Ex-trader takes SocGen to court
FORMER TRADER Jérome Kerviel began his appeal yesterday against a three-year prison sentence for his role in France’s biggest rogue trading scandal, arguing he was not responsible for a €4.9 billion loss at banking group Société Générale.
Mr Kerviel (35) hit back at SocGen over the 2010 conviction that held him responsible for massive, risky bets uncovered in 2008. He claims his superiors knew what he was doing.
SocGen, for its part, denies any part in the trades.
“I am not responsible for this loss . . . I always behaved according to rules set by my superiors,” Mr Kerviel said in the Paris court.
At stake for SocGen is whether magistrates will once again exonerate the bank of any responsibility for Mr Kerviel’s massive trading positions, which dealt a blow to its reputation and forced it to raise capital.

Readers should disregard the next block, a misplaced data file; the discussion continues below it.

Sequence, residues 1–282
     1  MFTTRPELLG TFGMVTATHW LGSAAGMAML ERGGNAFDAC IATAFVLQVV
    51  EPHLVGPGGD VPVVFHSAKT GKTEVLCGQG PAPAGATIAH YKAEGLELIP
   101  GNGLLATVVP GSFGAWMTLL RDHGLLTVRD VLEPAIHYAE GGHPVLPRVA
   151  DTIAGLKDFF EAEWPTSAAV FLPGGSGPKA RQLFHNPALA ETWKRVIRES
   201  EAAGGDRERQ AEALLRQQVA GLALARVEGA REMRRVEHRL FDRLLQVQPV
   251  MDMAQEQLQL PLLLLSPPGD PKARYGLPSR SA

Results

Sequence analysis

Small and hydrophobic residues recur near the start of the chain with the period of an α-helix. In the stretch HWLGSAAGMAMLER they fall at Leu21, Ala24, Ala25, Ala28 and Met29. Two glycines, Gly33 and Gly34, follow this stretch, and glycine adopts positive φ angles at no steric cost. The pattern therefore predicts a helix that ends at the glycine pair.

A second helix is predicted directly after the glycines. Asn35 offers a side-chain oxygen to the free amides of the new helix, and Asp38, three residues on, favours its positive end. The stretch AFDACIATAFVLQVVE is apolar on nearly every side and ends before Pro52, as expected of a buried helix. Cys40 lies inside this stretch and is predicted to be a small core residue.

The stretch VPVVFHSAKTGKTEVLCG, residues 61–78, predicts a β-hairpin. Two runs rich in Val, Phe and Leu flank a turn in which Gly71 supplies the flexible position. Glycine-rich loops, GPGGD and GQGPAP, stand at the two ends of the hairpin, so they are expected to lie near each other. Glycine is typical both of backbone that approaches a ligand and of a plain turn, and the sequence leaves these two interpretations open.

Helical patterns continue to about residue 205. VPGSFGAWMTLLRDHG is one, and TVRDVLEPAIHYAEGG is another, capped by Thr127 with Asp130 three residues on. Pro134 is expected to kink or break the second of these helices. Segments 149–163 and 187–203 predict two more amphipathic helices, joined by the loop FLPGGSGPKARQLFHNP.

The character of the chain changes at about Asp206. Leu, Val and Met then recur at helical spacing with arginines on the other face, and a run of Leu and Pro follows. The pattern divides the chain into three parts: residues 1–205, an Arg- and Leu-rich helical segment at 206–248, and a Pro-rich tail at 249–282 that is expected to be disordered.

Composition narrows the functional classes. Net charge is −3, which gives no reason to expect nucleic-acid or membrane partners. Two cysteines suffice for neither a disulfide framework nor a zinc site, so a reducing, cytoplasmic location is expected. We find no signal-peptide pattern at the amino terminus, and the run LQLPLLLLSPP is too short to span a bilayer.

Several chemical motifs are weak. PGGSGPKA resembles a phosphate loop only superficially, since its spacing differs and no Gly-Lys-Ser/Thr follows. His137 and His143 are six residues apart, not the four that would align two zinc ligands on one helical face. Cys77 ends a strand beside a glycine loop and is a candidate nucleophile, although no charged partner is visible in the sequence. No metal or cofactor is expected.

Mr Kerviel portrayed SocGen as having imposed little oversight on its traders, saying he was never told what his official remit was and that his desk regularly flouted its €125 million limit. “My mandate was to make money for the bank,” he told the court.
SocGen’s representative in court, however, said his roles in market-making and arbitrage were clearly defined and that individual traders were responsible for staying within their limits.